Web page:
How to Write a Cover Letter

A cover letter, also known as an application letter, is a personalized letter from you to the person overseeing the hiring process for the job you’re applying for.

A cover letter is not the same as a résumé. While a résumé provides a clear, point-by-point map of your career thus far, a cover letter tells the personal side of your career story. Ideally, your cover letter and résumé complement each other, with each document answering any questions the recruiter has about your skills and work experience after reading the other.

What Should a Cover Letter Include?

Make sure your cover letter includes all the following:

  • The position for which you’re applying
  • How you found the job opening
  • Why you want to work for the company
  • Why you’re applying to the specific position you’re seeking
  • The skills, experience, and work-related personality traits that make you a great fit for the role

Mentioning the position you’re applying for and how you found it is simple—just state your interest in the job title in your opening sentence: “I’m writing in response to the content writer position posted on Indeed.”

When you talk about why you want to work at the company, you can’t just write “because I need a job.” Even if it’s true, it does nothing to make you stand out as a well-qualified candidate for the role. This part of your cover letter should communicate how your specific values and career goals fit the company’s mission. You might say something like:

  • “As a lifelong animal rights activist, I’m excited for the opportunity to work with an organization that directly benefits threatened species.”
  • Your cover letter also needs to talk about how and why you’re qualified for the position for which you’re applying. Sentences that communicate these points can look like this:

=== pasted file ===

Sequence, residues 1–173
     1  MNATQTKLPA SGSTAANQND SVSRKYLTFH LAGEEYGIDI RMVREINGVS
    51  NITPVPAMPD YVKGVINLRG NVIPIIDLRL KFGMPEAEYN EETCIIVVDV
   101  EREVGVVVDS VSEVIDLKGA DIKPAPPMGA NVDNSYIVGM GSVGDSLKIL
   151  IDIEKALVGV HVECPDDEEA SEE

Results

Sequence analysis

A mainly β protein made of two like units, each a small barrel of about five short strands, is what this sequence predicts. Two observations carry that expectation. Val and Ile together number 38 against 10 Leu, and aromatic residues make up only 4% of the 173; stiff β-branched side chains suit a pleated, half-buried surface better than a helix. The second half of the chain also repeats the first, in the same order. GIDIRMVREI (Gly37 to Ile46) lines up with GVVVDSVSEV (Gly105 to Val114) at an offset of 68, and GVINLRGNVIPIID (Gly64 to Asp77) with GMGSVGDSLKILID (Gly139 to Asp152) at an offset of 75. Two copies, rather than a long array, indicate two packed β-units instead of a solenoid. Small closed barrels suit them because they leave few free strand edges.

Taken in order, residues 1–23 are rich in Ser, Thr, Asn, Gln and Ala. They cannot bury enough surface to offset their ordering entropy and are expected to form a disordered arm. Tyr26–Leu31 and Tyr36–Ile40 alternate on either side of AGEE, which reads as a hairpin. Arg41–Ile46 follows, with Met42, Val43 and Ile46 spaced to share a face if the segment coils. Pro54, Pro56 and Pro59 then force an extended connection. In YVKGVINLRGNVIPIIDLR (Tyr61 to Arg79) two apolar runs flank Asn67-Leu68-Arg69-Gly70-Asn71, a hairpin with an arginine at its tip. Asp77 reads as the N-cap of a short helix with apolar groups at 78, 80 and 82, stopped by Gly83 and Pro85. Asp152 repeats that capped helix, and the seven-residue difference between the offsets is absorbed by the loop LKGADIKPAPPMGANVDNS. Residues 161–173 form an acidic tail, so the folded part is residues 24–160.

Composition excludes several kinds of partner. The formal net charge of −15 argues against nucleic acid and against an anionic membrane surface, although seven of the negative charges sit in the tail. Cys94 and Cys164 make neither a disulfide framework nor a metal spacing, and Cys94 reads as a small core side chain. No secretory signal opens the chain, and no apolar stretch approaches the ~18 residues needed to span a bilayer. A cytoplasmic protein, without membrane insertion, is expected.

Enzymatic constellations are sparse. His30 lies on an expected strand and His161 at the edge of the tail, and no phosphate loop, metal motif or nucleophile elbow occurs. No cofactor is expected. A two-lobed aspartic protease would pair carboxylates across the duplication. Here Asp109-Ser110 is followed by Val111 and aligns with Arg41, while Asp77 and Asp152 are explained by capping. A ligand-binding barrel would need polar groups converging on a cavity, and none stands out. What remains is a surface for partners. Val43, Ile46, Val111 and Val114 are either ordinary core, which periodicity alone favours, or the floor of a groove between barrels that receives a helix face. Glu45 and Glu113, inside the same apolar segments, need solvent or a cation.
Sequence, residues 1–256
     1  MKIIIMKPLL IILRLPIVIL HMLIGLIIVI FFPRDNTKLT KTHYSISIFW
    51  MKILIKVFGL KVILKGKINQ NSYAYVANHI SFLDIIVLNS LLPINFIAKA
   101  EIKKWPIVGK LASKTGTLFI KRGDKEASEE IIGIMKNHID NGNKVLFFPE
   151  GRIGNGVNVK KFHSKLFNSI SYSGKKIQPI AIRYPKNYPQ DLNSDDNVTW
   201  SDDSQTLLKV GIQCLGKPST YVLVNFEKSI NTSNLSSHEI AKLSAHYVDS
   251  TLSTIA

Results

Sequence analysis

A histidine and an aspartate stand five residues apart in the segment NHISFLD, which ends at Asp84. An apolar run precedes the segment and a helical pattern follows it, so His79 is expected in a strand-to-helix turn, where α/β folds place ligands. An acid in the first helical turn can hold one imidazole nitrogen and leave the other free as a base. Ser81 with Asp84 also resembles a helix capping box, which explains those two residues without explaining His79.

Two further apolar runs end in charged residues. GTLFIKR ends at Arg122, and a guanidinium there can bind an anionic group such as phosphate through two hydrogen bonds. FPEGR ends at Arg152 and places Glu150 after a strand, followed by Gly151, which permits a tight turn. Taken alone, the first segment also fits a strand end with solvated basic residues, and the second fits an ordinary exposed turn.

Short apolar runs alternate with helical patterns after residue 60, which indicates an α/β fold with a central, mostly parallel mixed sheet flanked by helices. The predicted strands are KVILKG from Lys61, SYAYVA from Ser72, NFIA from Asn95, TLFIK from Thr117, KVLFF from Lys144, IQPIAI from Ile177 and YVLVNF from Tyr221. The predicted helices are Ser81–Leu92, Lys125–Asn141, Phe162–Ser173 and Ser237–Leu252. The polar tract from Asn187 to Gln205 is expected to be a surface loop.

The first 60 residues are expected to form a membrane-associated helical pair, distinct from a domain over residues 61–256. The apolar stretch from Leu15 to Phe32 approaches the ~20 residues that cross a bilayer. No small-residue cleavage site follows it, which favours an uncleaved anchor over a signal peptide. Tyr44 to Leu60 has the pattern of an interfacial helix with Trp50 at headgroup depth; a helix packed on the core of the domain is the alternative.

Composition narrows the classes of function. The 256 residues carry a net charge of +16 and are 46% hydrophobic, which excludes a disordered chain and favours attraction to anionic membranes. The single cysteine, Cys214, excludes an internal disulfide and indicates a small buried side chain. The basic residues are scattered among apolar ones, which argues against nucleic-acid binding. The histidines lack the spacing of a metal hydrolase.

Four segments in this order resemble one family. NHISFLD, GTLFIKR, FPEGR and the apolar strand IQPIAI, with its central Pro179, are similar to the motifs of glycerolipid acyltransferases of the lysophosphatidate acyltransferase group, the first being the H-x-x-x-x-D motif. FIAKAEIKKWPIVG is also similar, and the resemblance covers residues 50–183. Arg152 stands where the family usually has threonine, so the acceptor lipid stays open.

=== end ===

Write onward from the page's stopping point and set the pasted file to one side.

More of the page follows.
• “During my years teaching English in Japan, I developed the classroom management skills, cultural sensitivity, and linguistic knowledge base necessary to succeed as an ESL teacher.”
  • “I have worked in customer service for the past seven years. During that time, I’ve become an expert in clear communication, problem-solving, and guiding customers to the products best suited for them.”
  • Beyond sharing why you’re interested in working for the specific employer and why you’re qualified for the role, include a little bit about yourself and how this shines through at work:
  • “I’m a natural organizer. In my past roles, I’ve helped my colleagues increase their productivity by introducing them to my favorite organization tools and strategies.”

Is a Cover Letter Necessary?

With most job applications, you’ve probably seen the phrase “cover letter optional.”

But is it really optional? The stats on whether a cover letter will actually help you get a job or not are mixed. According to the 2016 Jobvite Recruiter Nation report, 74 percent of recruiters do not consider a cover letter when assessing whether to hire a job applicant. However, 90 percent of executives from recruiting firm, Robert Half, reported that they don’t only consider cover letters in the hiring process, but that cover letters are invaluable.

The truth is, cover letters are more important in certain industries or for certain roles than they are in others. Familiarize yourself with your industry’s norms for cover letters, which you can do by talking to more senior professionals in your industry and reviewing job postings for positions like the one you’re seeking. If the job posting says a cover letter is required, write a cover letter. And if it doesn’t, write one anyway. The only times when you shouldn’t write a cover letter are when the job posting explicitly says not to send one and when the application process doesn’t allow you to provide one.

When in doubt, it’s always better to be overprepared, so get started on your cover letter today! Use CorrectEnglish to make sure your cover letter is polished and professional.

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